The drying ability of CPA units can help facilities get up and running faster after regularly scheduled cleaning shutdowns. Also, worker and workplace safety may be improved after the installation of CPA units. Clean air protects workers as much as it does the food products. CPAs clear out odors, grease and other particulates in facilities where those are potential health-and-safety issues.

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The process cooling equipment, power plant and related equipment such as LED lighting and the critical process air systems are at the heart of any food storage or processing facility. Image courtesy of PermaCold Engineering Inc.

In conclusion, industrial refrigeration professionals can better serve companies and discover new opportunities to grow their own business by considering the process cooling system as part of a broader food prep/safety/spoilage prevention system.

It is a fact that the more a customer trusts you and believes you understand the challenges they face day-to-day, the more likely they will stick with you for the long term. By working to expand your knowledge and awareness beyond your particular area of process cooling expertise or service, you can provide more value to customers (internal or external). Also, by demonstrating knowledge and advising on other services or beneficial equipment, it paves the way to increasing your own profitability. The upsides are obvious and many: more revenue coming in, a diversified range of services or products to help weather tough economic times or slow business cycles, and the chance to grow your business while contributing even more to your customer’s success.

For the Refrigeration Providers: Increase Your Value While Increasing Your Revenue

While lighting and air purification are two examples of how to expand professional expertise and services, others exist within the process cooling universe.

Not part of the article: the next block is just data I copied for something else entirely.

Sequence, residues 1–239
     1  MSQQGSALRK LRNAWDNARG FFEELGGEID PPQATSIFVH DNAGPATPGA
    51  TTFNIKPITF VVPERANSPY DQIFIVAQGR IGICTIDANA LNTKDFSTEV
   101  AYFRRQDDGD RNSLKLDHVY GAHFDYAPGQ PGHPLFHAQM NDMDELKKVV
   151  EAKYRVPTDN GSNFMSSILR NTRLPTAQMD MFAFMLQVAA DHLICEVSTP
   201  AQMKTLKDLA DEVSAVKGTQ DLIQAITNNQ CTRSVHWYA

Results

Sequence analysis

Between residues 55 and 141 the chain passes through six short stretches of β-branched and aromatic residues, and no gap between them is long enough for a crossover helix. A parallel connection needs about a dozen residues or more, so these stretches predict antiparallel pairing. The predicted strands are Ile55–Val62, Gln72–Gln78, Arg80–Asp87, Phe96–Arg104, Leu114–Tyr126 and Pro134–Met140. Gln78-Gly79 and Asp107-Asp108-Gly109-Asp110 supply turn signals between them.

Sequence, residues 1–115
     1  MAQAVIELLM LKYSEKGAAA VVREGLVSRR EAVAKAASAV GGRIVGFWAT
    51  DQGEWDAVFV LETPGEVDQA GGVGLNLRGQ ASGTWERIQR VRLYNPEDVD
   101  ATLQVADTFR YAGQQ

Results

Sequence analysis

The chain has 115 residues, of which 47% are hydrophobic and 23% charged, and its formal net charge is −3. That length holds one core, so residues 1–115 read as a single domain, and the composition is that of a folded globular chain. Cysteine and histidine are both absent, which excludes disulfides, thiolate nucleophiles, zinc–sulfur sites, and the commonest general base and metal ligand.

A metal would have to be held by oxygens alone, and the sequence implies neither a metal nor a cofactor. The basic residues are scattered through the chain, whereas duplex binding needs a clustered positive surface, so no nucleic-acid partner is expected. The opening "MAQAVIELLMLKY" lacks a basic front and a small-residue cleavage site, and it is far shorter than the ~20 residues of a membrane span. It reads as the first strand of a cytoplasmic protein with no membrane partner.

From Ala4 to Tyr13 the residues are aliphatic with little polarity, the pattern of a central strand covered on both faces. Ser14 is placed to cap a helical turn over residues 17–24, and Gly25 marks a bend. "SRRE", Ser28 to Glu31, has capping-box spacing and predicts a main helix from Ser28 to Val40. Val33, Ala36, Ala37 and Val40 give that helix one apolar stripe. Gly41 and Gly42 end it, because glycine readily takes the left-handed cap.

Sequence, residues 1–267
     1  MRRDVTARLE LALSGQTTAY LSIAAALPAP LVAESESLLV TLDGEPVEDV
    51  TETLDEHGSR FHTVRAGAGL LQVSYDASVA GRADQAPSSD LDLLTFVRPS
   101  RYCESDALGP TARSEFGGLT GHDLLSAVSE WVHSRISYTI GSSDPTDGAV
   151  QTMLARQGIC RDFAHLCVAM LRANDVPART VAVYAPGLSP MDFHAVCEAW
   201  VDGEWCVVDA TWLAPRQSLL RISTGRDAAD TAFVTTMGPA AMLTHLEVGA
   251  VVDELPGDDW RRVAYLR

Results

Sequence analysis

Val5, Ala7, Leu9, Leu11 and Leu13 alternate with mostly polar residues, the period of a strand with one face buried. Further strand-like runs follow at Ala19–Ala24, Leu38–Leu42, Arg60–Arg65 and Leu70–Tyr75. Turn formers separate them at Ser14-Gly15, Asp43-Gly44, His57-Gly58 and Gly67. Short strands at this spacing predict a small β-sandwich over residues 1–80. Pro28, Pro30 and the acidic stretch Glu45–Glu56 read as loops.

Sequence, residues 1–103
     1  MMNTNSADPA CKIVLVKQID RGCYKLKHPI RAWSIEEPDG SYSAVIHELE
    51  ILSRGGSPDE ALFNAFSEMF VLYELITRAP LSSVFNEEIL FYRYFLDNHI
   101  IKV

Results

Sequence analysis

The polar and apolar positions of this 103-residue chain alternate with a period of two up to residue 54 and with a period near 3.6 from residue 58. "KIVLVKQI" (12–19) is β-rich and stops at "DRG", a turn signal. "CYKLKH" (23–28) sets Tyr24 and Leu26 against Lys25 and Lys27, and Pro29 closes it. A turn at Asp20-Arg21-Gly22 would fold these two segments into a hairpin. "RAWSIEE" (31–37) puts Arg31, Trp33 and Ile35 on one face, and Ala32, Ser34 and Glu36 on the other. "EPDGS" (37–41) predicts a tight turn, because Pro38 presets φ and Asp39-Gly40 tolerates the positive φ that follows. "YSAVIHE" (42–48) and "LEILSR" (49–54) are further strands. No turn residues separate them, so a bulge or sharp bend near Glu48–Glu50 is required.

Sometimes, they can appear when a new team member brings in unique expertise or product knowledge that can be put to use in developing a new service. Other times, it may be as simple as deciding to offer customers a vital component or ancillary system. For example, your company could offer facility controls or a proprietary line of premium lubricants.

In addition, rapidly developing opportunities are emerging for the industrial refrigeration industry in carbon dioxide (CO2) and other natural refrigerant technologies. The new equipment, engineering processes and reduced environmental impact on the planet are accelerating like never before. While this expansion in “green refrigeration” is more about new approaches to the refrigeration function itself rather than an extended service, the opportunities in this field are similar. It is about gaining new knowledge/expertise to provide new or alternative options to your processing customers, which bring their own set of positive benefits and ROI.

To launch a new service or product, if you do not have the necessary expertise (or staffing) to handle it in-house, you can readily contract or partner with reliable vendors. No matter how you approach it, the key to profitability and success will be to educate and train your sales representatives and relevant customer-facing company professionals to understand the nuts and bolts of the new product.

But, more important than functional knowledge, they must know how to explain the value to customers. They should be able to clearly communicate the ways in which it will provide ROI and make their jobs easier, have their facilities run better or more reliably, and any other financial and practical benefits your extended expertise will provide.